In her address to Parliament outlining the Programme for Government, Nicola Sturgeon once again made clear that improving education was her number one priority. More specifically, the First Minister reiterated the importance of closing the attainment gap between children from the wealthiest and poorest backgrounds. In pursuit of that goal, she pledged to introduce a new Education Bill that would deliver the “biggest and most radical change” to the governance of schools since the advent of devolution. The First Minister’s tenure will, in large part, be defined by performance on this issue, for better or worse.
It is a bold objective, for while there remain many strengths to Scottish education – the recent increase in Higher and Advanced Higher pass rates, for example – a number of areas have come under intense scrutiny. The most recent PISA results indicated Scotland’s standing has declined in maths, reading and science, with the poorest overall outcomes since the international study began in 2000. Meanwhile, the Education & Skills Committee’s examination of Education Scotland and the SQA revealed a lack of trust in those bodies among some teachers and parents. Systemic questions over the implementation of the Curriculum for Excellence persist, particularly in relation to subject choice and academic rigour. And just weeks ago, the headteacher of an Edinburgh high school resorted to asking parents to help school fill Maths teacher vacancies, the second such instance this year.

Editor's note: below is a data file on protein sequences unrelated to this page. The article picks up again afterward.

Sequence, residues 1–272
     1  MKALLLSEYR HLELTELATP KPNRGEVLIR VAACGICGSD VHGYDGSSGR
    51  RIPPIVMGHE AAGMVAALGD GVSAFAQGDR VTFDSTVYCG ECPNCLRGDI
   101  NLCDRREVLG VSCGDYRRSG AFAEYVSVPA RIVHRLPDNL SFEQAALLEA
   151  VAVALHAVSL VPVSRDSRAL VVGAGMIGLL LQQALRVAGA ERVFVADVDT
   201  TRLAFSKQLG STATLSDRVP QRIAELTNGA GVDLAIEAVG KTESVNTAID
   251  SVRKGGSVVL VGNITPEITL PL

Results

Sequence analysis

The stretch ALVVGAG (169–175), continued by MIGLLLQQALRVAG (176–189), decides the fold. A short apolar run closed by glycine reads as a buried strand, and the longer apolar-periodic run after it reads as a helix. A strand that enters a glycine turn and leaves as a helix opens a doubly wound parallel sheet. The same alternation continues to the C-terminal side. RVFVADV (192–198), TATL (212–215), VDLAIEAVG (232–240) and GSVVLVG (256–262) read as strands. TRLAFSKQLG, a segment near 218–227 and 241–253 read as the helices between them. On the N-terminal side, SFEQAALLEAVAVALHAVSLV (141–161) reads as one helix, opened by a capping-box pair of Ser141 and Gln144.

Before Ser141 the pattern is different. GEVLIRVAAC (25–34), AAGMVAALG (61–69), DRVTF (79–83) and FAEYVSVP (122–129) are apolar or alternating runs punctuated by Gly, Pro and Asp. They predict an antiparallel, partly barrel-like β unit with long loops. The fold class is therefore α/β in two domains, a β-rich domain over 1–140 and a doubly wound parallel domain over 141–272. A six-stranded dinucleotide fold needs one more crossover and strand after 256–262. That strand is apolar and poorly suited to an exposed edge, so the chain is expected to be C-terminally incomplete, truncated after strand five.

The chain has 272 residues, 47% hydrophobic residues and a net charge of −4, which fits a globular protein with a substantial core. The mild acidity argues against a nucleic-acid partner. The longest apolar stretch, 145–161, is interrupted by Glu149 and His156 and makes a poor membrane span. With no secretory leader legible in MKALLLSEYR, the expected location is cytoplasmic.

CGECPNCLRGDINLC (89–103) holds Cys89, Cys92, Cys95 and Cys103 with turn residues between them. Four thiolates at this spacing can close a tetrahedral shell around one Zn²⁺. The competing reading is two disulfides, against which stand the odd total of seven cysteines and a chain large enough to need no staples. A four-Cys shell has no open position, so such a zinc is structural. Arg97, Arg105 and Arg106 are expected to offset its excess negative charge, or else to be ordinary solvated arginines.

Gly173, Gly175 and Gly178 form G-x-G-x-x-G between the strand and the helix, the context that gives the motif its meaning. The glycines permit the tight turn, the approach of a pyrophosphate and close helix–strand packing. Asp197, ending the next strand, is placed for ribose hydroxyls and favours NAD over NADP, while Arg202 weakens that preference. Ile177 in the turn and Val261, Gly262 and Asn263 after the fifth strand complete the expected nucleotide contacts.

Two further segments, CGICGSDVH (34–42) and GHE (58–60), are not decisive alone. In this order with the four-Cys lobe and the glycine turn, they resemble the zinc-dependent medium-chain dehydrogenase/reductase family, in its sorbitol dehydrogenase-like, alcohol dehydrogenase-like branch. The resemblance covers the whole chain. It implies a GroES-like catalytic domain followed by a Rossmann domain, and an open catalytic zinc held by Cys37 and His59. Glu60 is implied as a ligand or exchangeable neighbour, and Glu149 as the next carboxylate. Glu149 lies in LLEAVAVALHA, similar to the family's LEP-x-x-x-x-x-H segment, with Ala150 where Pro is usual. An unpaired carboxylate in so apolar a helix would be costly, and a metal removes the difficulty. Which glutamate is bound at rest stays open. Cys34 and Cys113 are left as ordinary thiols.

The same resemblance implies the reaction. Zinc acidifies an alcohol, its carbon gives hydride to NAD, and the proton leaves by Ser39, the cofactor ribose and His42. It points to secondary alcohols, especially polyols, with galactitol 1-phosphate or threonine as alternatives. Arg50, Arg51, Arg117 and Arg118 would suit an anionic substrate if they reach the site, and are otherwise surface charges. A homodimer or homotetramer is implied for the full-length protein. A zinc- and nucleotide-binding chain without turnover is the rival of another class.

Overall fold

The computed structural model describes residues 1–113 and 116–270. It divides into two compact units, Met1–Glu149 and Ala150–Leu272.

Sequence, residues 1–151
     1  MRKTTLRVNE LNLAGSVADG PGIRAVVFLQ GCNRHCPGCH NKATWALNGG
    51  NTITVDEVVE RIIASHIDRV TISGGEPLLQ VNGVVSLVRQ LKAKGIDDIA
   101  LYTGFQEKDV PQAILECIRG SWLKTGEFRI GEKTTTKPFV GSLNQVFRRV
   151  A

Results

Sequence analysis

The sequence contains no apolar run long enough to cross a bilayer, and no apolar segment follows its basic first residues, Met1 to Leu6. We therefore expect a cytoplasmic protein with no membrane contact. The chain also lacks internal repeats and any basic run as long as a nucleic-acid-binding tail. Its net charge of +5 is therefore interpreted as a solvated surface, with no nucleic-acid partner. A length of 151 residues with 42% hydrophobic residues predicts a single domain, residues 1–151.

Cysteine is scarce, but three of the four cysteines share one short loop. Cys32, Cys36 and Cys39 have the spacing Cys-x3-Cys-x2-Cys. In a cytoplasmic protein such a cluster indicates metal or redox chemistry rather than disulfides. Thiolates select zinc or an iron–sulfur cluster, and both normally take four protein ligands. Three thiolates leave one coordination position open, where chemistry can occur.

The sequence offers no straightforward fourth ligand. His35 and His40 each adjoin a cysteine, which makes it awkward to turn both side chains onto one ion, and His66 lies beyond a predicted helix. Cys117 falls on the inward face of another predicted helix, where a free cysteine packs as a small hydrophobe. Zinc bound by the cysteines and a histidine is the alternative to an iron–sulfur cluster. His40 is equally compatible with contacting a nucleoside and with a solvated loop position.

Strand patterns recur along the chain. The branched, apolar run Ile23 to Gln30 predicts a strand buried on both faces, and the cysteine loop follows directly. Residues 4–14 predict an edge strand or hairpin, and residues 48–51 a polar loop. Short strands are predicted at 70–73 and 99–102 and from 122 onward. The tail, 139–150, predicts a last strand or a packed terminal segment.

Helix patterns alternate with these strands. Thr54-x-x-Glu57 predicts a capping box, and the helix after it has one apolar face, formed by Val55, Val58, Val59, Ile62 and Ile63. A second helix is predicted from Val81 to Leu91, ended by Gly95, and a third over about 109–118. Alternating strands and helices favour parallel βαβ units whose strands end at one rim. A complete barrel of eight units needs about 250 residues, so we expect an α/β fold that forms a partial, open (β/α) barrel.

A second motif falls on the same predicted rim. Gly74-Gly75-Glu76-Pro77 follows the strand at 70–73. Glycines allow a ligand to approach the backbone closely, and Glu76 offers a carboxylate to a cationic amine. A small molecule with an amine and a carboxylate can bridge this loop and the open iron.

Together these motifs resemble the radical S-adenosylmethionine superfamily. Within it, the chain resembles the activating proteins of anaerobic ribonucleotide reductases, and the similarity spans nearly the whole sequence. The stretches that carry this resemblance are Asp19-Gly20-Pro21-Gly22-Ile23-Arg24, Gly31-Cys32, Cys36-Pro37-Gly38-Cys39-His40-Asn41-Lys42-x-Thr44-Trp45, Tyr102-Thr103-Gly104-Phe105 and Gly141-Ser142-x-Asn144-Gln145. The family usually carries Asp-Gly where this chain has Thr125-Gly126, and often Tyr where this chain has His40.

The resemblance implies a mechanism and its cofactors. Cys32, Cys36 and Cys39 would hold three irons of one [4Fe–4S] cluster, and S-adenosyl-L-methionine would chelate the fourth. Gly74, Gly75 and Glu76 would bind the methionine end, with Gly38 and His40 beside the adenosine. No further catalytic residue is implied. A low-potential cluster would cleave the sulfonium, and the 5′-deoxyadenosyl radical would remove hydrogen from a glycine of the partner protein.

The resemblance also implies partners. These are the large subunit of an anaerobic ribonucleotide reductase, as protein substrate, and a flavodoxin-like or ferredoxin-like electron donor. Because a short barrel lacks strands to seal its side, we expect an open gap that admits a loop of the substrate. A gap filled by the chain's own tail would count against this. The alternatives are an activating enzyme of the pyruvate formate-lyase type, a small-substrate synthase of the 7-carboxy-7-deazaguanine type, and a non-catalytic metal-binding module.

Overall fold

Perhaps unsurprisingly for such a critical issue, the debate over education lays bare some of the enduring disputes and tensions that have characterised the SNP’s decade in office. Opponents have questioned why, after years at the helm, promises by this administration should still be trusted. Accusations of centralism and micro-management have been levelled, while the Government insists it should not be held accountable for spending cuts by local authorities. Anger over budget reductions to councils are rebutted with evidence of a similar loss of funding received by Bute House from Downing Street.